4. Aliceacc

    Aliceacc Multitudinous

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    Dec 16, 2009

    Tomorrow morning, first thing, go to your department chairman. come completely clean, and ask for advice.

    Failing half your kids is a huge problem-- there's got to be an alternative. One idea might be to carry that particular grade over to the next marking period.

    But talk to your chairperson ASAP and work on alternatives.
     
  5. mmswm

    mmswm Moderator

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    Dec 16, 2009

    I agree with both Christy and Alice. Come clean with your department chair and ask for advise. I like the idea of offering a redo opportunity but knocking down the grade by a letter grade. Maybe you can offer that up as a possible solution. I don't have anything else to add. Alice and Christy have pretty much said it all.
     
  6. orangepurple

    orangepurple Companion

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    Dec 16, 2009

    I think it's a problem, but it's a problem in one of my classes as well! We had a huge unit on the research paper. Let me make that a little clearer--it was a long unit, but a short paper, only about 6 paragraphs long, 5 sources minimum. It included lots of work beforehand on notetaking, summarizing, paraphrasing, plagiarism, library skills, etc. There were lots of steps along the way that were checked; for example, they were supposed to get notecards checked by the librarian on three different occasions.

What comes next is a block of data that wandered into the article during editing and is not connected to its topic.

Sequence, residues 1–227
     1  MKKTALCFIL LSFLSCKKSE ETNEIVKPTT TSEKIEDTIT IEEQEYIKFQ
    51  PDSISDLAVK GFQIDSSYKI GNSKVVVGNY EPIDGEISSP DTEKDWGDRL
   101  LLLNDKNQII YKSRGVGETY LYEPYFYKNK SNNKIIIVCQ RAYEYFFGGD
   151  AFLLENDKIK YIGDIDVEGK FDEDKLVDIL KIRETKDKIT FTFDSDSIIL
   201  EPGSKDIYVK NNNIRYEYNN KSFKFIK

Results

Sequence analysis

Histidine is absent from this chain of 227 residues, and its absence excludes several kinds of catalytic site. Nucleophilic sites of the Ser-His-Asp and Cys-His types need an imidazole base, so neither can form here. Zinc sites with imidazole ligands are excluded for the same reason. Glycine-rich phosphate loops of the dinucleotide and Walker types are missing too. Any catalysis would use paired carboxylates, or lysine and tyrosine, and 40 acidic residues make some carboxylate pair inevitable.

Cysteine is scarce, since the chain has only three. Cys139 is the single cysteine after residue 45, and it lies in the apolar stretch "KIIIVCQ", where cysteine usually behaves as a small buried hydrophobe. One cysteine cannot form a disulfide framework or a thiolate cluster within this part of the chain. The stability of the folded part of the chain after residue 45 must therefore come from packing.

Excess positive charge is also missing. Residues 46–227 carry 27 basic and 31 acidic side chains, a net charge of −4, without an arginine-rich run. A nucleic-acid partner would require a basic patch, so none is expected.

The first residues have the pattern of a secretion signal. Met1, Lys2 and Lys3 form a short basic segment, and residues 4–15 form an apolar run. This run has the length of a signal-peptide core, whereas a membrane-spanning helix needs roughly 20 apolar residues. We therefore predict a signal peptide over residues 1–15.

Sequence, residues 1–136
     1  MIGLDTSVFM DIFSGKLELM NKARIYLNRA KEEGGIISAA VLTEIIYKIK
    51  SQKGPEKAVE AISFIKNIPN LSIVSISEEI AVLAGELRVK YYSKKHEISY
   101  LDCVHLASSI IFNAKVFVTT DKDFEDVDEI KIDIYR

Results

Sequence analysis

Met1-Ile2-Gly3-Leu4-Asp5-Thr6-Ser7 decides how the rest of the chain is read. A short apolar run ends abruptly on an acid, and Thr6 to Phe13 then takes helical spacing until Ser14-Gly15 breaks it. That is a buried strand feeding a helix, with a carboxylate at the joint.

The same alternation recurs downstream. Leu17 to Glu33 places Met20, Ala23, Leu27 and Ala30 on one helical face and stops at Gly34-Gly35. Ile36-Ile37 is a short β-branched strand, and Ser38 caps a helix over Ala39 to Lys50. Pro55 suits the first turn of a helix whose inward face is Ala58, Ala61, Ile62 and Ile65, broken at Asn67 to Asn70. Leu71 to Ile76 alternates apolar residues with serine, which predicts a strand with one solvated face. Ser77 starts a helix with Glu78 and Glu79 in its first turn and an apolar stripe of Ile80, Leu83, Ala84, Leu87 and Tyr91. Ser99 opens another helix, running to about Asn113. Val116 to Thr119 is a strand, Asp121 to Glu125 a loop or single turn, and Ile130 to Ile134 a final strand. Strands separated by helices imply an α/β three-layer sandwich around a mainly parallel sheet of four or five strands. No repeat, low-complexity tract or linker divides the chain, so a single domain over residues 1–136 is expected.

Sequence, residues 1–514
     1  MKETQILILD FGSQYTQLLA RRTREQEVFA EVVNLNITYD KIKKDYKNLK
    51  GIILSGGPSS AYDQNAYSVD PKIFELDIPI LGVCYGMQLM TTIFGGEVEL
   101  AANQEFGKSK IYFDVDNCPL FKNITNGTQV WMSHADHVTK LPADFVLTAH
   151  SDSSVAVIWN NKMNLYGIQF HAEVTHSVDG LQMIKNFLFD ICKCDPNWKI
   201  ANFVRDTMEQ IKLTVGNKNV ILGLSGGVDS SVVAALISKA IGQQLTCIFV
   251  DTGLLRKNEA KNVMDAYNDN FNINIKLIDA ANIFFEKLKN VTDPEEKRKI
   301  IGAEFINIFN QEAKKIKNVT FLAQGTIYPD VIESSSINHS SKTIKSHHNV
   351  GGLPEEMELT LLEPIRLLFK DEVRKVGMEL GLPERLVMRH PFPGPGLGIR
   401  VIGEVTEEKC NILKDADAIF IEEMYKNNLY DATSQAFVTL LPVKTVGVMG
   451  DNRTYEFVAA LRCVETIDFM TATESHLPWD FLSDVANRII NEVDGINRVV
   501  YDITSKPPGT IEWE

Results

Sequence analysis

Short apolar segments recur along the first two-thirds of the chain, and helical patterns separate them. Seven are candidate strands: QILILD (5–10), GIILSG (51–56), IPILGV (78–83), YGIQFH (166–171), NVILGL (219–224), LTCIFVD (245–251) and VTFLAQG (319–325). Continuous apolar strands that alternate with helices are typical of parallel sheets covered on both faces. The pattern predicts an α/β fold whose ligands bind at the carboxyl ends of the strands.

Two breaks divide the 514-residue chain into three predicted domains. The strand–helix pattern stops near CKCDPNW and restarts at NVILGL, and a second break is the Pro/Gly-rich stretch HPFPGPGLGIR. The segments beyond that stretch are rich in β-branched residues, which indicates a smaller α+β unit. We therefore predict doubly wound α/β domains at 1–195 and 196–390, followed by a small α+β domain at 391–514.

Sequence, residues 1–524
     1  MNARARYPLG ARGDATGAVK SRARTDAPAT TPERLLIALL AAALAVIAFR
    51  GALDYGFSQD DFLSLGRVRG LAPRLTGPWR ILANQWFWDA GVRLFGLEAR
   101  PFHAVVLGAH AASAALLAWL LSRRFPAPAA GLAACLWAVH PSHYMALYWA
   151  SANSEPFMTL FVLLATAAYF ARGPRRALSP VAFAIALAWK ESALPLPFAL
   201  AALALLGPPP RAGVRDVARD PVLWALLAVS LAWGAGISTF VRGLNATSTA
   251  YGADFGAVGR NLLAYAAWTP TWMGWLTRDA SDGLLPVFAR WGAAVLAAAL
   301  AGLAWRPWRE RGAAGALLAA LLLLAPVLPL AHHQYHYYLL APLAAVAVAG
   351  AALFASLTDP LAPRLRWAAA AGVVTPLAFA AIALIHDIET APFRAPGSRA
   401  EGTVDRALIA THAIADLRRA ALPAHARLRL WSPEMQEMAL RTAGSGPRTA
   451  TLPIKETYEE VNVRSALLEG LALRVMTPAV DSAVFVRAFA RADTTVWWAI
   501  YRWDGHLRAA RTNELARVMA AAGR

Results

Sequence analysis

I think fewer than half actually finished! I called many parents, but by no means all. I just couldn't keep up. It's an English language learner class, which last year was limited to 24. This year I had 38, which was just way too many to supervise on the days that they were doing their own research. Many of them just wouldn't do it. I'd send half to the library; some would get sent back for bad behavior. Some would take notes each library day; others would do nothing. We'd brainstorm about suitable topics and get 40 or so up on the board; they'd say they couldn't think of a topic. It was really horrible.

    Most of the kids who didn't do it are failing at least three classes. That's the only thing that makes me feel at least a little bit less bad about it. Not better, exactly, but at least less bad.

    So I don't know if that will make you feel better, but maybe it will make you feel less bad!
     
  7. guest_teacher

    guest_teacher Rookie

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    Dec 17, 2009

    You are right to be worried. Even though the students are responsible for not having followed through, your department chair and principal will treat the students' failure as your failure. High failure rates make administrators look bad. Accordingly, administrators favor teachers who pass most -- if not all -- students. It is so much easier not to have to answer questions from parents, the superintendent, the District Intervention and Assistant Team, the Alternative Governance Board, or even the trustees.